Marie Jakober, The Black Chalice (Edge, 2000)

Among the nation-building myths of Europe, none has more enduring power than that of the Holy Grail -- a trend that has continued in modern historical fantasy. Yet despite the popularity of stories about King Arthur's knights, the Grail's origins and function remain so obscure that a library could be filled with books speculating on the subject. Was the Grail the chalice that held Christ's wine and later his blood, or Cerridwen's cauldron of fertility and feminine power? Did Mary Magdalene carry the cup from Golgotha to Gaul, or was the Grail itself a metaphor for her womb containing the holy bloodline of the Son of God? From Malory to von Esenbach to Tennyson, from The Mists of Avalon to Indiana Jones and the Last Crusade to The Woman with the Alabaster Jar, the Grail has taken on these roles and more. Yet surely it could not have been all these things. For if the Grail were proof of the Word made flesh, how could it have been a pagan relic, or the symbol of a conspiracy to hide Christ's own lineage from his followers?

Marie Jakober places the Grail in medieval Germany, where emperors and dukes struggled with the Church and one another to rule the Holy Roman Empire for God's glory and their own. In this alternate history, Count Karelian of Lys strayed from familiar paths and entered the forest of Helmardin, where -- according to his onetime squire, Paul -- he discovered the hideous and ungodly Black Chalice at the castle of a terrifying, seductive sorceress. In the account he has been commanded to write for the Holy Father, Paul marks this event as the beginning of Karelian's fall into darkness. But before he can begin to tell his version of the story, the witch of Helmardin appears within Paul's chamber at the monastery, binding his quill so that it will write only truth. Side by side, two narratives unfold: the straightforward story of faith and heresy that Paul wishes to tell, and the blasphemous revelations of wisdom, kindness and love stronger than religion.

In the castle of Car-Iduna, Karelian finds more than the Black Chalice; he falls under the spell of the priestess Raven and learns of the life-giving powers of Tyr and the other ancient gods. Sick at heart after the bloody crusade to win Jerusalem for the God of Love, Karelian wants only to retire to Lys, but the leaders of Germany have not finished with him. The count accedes to a political marriage to keep faith with Gottfried, Duke of the Reinmark, but his young bride bears a terrible secret. Then he discovers Gottfried's ambitions, which represent a threat to the peace of the entire world, for the Duke believes himself to be the descendant of Merovingian kings -- and, through them, the bloodline of Christ. Gottfried presumes it is his destiny to unite Europe and the Holy Land under his family banner, even if it means deposing lawful kings, betraying the Church and slaughtering all unbelievers in his path.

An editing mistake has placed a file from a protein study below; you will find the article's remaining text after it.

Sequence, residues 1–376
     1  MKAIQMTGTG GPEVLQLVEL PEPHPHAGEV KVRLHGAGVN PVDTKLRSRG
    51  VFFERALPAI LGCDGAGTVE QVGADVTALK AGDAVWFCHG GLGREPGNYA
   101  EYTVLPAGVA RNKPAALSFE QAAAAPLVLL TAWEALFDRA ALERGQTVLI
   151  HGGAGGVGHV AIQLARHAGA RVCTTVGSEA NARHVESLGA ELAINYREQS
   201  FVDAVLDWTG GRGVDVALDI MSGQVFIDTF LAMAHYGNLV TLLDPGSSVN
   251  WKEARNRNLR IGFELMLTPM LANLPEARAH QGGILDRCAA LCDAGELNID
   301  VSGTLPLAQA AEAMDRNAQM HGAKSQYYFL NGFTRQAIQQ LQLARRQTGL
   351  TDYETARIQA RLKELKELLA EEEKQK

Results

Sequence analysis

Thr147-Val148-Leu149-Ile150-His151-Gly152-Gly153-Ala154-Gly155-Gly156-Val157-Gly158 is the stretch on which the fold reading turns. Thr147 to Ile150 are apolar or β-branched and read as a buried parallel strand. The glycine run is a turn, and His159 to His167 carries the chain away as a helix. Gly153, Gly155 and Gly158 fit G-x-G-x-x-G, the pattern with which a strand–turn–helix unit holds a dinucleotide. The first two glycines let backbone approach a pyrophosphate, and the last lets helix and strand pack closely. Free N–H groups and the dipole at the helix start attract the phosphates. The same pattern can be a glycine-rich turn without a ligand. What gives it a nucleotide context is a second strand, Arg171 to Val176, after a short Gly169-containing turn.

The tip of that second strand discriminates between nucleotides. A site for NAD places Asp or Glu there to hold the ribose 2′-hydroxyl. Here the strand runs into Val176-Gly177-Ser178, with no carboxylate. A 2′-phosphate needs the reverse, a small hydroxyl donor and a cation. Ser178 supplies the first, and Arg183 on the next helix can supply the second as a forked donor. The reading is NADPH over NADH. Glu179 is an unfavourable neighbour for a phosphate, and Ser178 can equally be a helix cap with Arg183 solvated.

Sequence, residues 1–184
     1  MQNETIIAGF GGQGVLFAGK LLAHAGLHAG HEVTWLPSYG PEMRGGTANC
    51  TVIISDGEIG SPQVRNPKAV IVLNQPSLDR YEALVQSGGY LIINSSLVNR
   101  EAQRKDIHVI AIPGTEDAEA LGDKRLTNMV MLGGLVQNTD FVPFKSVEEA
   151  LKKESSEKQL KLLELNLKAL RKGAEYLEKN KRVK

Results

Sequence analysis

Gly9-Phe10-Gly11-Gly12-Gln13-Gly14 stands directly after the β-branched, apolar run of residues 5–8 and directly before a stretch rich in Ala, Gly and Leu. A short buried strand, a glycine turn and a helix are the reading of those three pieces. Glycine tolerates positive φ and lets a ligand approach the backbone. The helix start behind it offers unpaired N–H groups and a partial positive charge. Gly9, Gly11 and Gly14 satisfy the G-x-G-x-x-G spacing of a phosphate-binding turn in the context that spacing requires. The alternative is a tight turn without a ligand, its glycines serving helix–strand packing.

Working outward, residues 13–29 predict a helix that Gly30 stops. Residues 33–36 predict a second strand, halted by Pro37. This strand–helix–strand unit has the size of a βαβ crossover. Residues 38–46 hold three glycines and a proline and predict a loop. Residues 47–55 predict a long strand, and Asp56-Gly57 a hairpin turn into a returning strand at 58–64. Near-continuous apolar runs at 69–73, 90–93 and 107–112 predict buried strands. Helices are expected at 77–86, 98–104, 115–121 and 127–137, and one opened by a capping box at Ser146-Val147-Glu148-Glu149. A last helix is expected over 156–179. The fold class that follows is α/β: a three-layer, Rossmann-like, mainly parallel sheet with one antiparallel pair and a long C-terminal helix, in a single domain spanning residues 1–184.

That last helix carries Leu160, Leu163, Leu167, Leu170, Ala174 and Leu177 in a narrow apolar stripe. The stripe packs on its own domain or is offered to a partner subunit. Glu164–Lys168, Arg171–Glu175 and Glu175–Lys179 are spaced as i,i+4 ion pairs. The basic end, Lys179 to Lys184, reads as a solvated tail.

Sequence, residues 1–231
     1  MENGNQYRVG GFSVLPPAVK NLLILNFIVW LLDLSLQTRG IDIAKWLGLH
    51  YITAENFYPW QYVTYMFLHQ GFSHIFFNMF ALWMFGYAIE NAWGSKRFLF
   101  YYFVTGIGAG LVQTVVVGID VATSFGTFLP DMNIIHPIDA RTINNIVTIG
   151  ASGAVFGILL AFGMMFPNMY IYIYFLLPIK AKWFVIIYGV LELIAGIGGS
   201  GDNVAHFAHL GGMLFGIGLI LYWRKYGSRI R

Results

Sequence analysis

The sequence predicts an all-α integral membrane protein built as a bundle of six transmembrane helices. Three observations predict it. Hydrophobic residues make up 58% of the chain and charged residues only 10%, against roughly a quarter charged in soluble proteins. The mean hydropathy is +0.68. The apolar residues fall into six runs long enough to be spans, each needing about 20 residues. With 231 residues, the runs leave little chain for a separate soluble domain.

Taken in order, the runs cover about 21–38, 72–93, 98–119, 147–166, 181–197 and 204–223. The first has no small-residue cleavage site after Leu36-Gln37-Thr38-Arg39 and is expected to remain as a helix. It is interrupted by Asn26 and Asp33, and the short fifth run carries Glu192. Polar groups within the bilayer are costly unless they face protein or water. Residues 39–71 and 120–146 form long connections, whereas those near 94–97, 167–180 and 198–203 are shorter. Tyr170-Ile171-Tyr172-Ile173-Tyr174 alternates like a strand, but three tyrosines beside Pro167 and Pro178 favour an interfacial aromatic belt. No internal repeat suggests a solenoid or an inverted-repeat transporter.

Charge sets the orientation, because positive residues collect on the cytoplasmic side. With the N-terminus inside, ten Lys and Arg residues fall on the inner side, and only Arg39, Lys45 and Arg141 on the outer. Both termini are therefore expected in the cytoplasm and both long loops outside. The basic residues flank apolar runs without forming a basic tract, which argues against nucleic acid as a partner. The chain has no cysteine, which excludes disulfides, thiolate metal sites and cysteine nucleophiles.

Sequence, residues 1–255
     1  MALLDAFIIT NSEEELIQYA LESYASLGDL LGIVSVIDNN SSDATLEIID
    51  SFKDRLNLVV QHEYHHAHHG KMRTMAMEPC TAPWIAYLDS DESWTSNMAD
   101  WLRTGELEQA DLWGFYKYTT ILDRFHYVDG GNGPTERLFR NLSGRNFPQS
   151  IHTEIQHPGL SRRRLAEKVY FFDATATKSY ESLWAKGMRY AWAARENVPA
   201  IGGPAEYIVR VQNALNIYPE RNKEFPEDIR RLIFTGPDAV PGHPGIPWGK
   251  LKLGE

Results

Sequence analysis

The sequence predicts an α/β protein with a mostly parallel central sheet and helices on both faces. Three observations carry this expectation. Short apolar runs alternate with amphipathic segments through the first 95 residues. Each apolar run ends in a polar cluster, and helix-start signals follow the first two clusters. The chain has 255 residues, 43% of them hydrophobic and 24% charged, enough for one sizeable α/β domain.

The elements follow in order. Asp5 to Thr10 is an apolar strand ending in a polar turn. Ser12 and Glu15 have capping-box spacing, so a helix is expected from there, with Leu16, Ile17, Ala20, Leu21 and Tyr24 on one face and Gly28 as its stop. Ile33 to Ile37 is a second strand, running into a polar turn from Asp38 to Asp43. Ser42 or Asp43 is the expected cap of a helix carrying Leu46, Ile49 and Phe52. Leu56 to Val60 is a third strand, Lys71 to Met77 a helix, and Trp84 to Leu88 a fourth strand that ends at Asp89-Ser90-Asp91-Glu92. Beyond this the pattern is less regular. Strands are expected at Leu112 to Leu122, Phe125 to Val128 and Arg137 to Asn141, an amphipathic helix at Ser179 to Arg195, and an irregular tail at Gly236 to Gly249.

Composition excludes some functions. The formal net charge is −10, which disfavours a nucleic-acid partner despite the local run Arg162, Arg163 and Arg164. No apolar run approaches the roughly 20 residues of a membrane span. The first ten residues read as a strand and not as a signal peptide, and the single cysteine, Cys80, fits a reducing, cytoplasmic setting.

Karelian must choose between his oath to his liege and his devotion to Raven, who is not only his beloved but the champion of the ancient gods of the Earth. Having spent decades killing for the Church, he is grieved to discover that he may have to take up arms again if he wants to stop a massacre in the name of God's kingdom. But for Paul, the dilemma is even more painful. The young squire learns of Gottfried's plans and witnesses what he believes to be a miracle proving the Duke's divine birthright. As he watches his lord become a champion of sorcery and heathenism, he knows he must betray Karelian. Still, despite his admiration for the unsullied Duke, he finds it unbearable to turn against the Count of Lys.

Paul himself cannot bear to remember how he came to make the choices that would shape the future, though the outcome of history hinged on his actions. To record the truth, as he has been bound by both Pope and sorceress, Paul must admit that he loved Karelian. Loved him not only for his nobility and strength in battle, but for his golden hair and warm laugh. Loved him with a passion judged by the laws of the Church to be a graver sin than murder. Paul cannot ponder Karelian's actions without remembering his private response to the man's seductive physicality and casually-offered affection. He cannot stand to live unless he can find a way to blame Karelian for his own intolerable urges; he will accuse the knight of corruption, sorcery, treason, anything that might explain how (in an exorcist's words) the man could have left tracks on his soul. Paul would tell any lie to evade the eternally damning knowledge that he may have loved Karelian as much as he loves God.